Artworks, Stations

Breezy and Delightful

Paul Tzanetopoulos, Breezy and Delightful

Project Description

Paul Tzanetopoulos has long been fascinated by the seemingly infinite variety of pattern in cultural artifacts, often evident in textile designs. In this project, Breezy and Delightful, the artist focuses on designs which reflect the unique cultural heritage of the many groups that live and work in Long Beach. These textile designs—ranging from patterns taken from Cambodian shadow puppets to modern graphic geometry—are transformed into rotating, wind-driven kinetic sculptures mounted in the pylons on the station platform. Each pair of these counter-rotating disks are also perforated with graphic patterns to allow the passage of sea breeze and sunlight to animate the designs and the shadows cast on the platform.

The cut-out graphic patterns were merged from an ongoing body of Tzanetopoulos’ work based on Marcel Duchamp’s Roto Series which employs graphic elements and illusions of 3-dimensional and conceptual structures which were designed to rotate in order to illustrate these concepts. This ongoing series is a large-scale, interactive installation for which a graphic CD reader was developed in order to musically describe Duchamp’s series, as well as this artist’s and other graphics.

Artist Statement

“The title, ‘Breezy and Delightful,’ was captured from early publicity for the City of Long Beach, illustrating its position on the California coast—its pleasant weather and cheerful attitude. I thought that this phrase reflected both the City and the site of this station. On each of my frequent visits to the station it has been a beautiful, breezy and pleasant day.”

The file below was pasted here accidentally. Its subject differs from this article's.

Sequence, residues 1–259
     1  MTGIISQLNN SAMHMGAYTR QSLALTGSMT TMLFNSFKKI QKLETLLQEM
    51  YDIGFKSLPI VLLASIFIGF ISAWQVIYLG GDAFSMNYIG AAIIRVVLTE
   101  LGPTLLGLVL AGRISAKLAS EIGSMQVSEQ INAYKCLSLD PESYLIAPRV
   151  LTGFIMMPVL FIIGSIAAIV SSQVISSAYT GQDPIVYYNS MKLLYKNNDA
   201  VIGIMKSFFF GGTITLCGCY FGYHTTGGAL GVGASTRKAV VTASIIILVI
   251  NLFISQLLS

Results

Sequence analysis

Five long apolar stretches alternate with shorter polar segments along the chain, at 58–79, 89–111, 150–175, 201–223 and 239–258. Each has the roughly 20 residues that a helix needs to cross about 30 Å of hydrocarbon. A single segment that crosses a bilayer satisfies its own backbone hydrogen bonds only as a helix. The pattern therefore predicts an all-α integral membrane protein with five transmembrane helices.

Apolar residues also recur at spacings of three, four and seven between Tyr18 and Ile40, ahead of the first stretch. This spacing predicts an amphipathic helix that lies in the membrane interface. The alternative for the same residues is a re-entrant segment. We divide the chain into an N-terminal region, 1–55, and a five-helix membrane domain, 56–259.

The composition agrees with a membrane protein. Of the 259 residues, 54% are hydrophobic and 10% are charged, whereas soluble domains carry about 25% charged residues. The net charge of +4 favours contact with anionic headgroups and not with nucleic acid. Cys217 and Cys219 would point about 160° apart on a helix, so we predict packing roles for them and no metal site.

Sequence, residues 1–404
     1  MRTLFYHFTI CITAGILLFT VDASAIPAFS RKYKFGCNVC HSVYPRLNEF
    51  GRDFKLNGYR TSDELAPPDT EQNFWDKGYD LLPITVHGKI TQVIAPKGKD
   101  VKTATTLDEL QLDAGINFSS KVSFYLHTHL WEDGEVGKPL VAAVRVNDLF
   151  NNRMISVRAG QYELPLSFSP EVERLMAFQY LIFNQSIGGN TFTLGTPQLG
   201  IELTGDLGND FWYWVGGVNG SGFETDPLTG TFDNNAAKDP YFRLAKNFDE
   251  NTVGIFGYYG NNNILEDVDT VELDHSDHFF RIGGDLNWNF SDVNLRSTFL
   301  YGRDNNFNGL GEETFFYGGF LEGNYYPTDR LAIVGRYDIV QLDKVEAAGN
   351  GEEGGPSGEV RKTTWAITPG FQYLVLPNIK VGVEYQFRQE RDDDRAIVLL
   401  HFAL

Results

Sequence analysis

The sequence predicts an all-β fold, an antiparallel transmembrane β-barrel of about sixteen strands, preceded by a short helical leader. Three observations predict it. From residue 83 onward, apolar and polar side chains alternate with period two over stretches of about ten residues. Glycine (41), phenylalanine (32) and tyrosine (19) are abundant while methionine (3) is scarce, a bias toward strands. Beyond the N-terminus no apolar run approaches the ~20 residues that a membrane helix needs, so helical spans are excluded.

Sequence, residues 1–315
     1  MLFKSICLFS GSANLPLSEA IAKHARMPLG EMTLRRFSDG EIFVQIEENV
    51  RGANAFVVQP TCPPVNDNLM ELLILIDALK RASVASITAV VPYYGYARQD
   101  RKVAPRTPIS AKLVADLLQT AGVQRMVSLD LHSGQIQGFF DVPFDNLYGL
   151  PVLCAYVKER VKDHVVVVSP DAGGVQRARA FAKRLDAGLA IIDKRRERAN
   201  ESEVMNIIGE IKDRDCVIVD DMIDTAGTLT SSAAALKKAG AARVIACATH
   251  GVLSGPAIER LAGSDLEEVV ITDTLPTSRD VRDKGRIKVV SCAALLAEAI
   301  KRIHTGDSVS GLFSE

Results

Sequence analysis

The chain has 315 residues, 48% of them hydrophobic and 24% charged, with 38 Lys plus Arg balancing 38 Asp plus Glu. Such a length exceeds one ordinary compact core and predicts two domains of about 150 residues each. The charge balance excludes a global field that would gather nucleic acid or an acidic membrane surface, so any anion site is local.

About the Artist

PAUL TZANETOPOULOS was born in Athens, Greece. As a child, his father encouraged his interest and respect for the Greek heritage in architecture and the arts. He received his Bachelor of Arts from the University of Nevada, Las Vegas and his Master of Fine Arts from UC Irvine. He has been a working, exhibiting artist since the 1960s. His work is conceptually driven inter-media art, typically large-scale and often interactive. His work is included in the permanent collection of the LA County Museum of Art. He has produced many public art works for the cities of Los Angeles, Long Beach, West Hollywood, Northridge, Arcadia, Montebello and La Quinta, California.